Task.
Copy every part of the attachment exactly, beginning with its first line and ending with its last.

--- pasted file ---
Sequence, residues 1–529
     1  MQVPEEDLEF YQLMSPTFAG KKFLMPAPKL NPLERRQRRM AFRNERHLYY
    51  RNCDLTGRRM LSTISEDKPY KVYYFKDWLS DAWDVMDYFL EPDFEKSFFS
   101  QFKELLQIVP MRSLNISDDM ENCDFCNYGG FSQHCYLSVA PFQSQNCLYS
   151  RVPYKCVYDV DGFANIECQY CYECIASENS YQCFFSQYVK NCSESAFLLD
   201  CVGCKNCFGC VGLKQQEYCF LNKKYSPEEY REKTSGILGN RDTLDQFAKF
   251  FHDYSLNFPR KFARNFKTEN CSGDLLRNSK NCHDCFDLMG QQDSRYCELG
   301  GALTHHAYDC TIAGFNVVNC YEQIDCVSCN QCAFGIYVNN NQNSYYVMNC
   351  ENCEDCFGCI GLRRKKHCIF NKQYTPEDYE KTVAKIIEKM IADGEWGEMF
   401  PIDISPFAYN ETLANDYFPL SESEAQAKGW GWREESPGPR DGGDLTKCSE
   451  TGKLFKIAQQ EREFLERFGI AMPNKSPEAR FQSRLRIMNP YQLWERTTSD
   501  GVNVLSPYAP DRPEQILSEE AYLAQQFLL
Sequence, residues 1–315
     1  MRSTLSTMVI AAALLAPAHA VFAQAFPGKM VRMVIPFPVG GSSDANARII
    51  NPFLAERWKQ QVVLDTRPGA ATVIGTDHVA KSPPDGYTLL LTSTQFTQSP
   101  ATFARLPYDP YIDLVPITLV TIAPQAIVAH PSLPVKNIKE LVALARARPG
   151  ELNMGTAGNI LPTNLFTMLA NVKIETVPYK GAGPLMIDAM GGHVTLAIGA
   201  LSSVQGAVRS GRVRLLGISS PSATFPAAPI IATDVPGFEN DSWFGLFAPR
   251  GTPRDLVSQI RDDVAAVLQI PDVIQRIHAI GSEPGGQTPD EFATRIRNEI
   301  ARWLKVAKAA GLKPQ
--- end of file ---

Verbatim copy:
Sequence, residues 1–529
     1  MQVPEEDLEF YQLMSPTFAG KKFLMPAPKL NPLERRQRRM AFRNERHLYY
    51  RNCDLTGRRM LSTISEDKPY KVYYFKDWLS DAWDVMDYFL EPDFEKSFFS
   101  QFKELLQIVP MRSLNISDDM ENCDFCNYGG FSQHCYLSVA PFQSQNCLYS
   151  RVPYKCVYDV DGFANIECQY CYECIASENS YQCFFSQYVK NCSESAFLLD
   201  CVGCKNCFGC VGLKQQEYCF LNKKYSPEEY REKTSGILGN RDTLDQFAKF
   251  FHDYSLNFPR KFARNFKTEN CSGDLLRNSK NCHDCFDLMG QQDSRYCELG
   301  GALTHHAYDC TIAGFNVVNC YEQIDCVSCN QCAFGIYVNN NQNSYYVMNC
   351  ENCEDCFGCI GLRRKKHCIF NKQYTPEDYE KTVAKIIEKM IADGEWGEMF
   401  PIDISPFAYN ETLANDYFPL SESEAQAKGW GWREESPGPR DGGDLTKCSE
   451  TGKLFKIAQQ EREFLERFGI AMPNKSPEAR FQSRLRIMNP YQLWERTTSD
   501  GVNVLSPYAP DRPEQILSEE AYLAQQFLL
Sequence, residues 1–315
     1  MRSTLSTMVI AAALLAPAHA VFAQAFPGKM VRMVIPFPVG GSSDANARII
    51  NPFLAERWKQ QVVLDTRPGA ATVIGTDHVA KSPPDGYTLL LTSTQFTQSP
   101  ATFARLPYDP YIDLVPITLV TIAPQAIVAH PSLPVKNIKE LVALARARPG
   151  ELNMGTAGNI LPTNLFTMLA NVKIETVPYK GAGPLMIDAM GGHVTLAIGA
   201  LSSVQGAVRS GRVRLLGISS PSATFPAAPI IATDVPGFEN DSWFGLFAPR
   251  GTPRDLVSQI RDDVAAVLQI PDVIQRIHAI GSEPGGQTPD EFATRIRNEI
   301  ARWLKVAKAA GLKPQ